Leslie G. Valiant

Learn More
Humans appear to be able to learn new concepts without needing to be programmed explicitly in any conventional sense. In this paper we regard learning as the phenomenon of knowledge acquisition in the absence of explicit programming. We give a precise methodology for studying this phenomenon from a computational viewpoint. It consists of choosing an(More)
The success of the von Neumann model of sequential computation is attributable to the fact that it is an efficient bridge between software and hardware: high-level languages can be efficiently compiled on to this model; yet it can be effeciently implemented in hardware. The author argues that an analogous bridge between software and hardware in required for(More)
where the summation is over the n! permutations of (1,2, . . . , n). It is the same as the determinant except that all the terms have positive sign. Despite this similarity, while there are efficient algorithms for computing the determinant all known methods for evaluating the permanent take exponential time. This discrepancy is annoyingly obvious even for(More)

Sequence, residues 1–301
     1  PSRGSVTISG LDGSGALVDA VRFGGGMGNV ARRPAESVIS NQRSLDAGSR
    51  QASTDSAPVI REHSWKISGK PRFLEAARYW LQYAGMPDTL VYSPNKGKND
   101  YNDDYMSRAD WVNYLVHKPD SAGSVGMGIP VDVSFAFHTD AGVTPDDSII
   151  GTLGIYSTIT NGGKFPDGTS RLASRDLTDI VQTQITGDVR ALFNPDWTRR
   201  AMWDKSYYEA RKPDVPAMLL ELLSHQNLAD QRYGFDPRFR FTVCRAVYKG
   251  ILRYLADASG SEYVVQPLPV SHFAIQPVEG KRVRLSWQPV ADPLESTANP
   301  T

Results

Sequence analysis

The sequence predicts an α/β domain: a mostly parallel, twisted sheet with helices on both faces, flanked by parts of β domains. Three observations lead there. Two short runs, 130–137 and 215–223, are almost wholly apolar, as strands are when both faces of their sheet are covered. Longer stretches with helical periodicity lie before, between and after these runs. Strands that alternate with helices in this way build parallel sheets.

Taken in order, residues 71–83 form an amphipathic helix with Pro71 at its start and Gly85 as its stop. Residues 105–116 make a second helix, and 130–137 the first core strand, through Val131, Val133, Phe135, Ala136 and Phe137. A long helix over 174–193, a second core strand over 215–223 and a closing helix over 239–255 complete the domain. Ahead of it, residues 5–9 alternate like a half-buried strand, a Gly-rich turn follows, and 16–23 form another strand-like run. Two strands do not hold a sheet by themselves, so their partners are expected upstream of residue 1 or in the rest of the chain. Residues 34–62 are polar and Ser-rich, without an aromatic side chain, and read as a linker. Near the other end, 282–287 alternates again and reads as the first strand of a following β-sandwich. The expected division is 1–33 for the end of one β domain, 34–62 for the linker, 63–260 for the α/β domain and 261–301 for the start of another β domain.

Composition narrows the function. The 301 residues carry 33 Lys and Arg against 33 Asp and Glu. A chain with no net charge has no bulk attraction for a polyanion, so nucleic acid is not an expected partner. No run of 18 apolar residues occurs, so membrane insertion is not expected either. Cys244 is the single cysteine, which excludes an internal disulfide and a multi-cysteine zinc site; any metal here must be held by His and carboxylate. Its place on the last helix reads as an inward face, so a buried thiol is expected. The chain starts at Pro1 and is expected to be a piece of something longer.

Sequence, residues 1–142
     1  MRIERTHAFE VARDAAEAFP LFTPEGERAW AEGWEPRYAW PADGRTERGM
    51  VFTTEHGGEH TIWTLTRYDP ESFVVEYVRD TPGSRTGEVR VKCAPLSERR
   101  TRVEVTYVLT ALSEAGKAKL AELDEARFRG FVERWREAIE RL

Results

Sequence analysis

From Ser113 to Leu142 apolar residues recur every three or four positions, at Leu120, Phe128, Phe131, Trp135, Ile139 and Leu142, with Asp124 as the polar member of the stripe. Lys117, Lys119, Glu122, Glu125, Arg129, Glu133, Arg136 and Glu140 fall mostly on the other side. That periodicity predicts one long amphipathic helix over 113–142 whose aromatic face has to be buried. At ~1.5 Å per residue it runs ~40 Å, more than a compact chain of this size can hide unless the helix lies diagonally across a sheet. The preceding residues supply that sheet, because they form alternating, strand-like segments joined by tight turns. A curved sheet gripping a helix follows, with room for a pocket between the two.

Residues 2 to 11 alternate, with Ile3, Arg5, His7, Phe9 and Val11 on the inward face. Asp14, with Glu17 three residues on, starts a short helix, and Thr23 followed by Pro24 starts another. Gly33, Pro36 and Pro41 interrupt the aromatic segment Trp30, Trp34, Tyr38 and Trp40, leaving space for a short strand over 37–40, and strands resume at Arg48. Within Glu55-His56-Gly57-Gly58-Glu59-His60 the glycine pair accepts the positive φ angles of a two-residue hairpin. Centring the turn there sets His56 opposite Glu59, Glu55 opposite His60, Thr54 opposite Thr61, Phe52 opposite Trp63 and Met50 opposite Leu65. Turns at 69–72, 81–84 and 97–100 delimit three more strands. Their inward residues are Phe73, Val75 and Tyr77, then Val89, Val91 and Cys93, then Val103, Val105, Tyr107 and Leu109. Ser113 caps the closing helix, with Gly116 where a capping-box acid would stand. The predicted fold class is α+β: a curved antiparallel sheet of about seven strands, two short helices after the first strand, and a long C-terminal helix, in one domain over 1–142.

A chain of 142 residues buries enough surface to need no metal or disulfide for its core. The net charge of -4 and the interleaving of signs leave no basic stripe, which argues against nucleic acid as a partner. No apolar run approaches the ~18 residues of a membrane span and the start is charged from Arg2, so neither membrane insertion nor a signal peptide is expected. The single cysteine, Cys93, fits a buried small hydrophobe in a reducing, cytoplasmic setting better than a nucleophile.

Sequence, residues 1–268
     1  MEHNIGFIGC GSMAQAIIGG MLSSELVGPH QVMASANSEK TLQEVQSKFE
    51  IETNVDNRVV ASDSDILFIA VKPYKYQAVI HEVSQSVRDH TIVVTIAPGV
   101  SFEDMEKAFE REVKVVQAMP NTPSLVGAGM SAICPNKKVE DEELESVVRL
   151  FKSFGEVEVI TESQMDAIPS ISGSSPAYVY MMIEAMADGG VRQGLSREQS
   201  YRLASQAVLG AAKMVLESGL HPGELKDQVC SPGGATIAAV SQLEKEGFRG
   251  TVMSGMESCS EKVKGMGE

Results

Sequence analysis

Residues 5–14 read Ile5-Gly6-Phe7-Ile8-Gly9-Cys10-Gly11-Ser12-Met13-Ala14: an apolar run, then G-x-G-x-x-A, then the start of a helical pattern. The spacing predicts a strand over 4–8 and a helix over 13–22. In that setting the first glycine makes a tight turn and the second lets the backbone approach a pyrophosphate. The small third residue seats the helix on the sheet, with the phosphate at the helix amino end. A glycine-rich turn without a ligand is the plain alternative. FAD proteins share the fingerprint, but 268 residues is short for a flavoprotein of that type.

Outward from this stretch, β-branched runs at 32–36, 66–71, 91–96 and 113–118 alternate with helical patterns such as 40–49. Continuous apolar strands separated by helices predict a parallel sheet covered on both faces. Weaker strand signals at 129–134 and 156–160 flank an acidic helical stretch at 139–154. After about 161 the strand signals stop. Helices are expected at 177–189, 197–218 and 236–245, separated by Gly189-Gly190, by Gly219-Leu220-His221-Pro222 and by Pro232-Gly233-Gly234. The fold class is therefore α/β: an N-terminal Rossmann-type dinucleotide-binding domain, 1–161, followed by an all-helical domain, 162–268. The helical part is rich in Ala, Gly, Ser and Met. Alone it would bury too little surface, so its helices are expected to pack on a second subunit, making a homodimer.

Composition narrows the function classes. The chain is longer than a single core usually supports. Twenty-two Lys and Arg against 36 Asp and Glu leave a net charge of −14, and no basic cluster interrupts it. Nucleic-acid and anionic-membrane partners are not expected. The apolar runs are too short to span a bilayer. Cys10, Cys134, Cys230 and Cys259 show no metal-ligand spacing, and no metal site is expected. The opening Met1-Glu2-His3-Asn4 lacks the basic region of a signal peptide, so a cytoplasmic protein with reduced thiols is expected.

In this paper, we prove the intractability of learning several classes of Boolean functions in the distribution-free model (also called the Probably Approximately Correct or PAC model) of learning from examples. These results are <italic>representation independent</italic>, in that they hold regardless of the syntactic form in which the learner chooses to(More)
The main purpose of this paper is to give techniques for analysing the probabilistic performance of certain kinds of algorithms, and hence to suggest some fast algorithms with provably desirable probabilistic behaviour. The particular problems we consider are: finding Hamiltonian circuits in directed graphs (DHC), finding Hamiltonian circuits in undirected(More)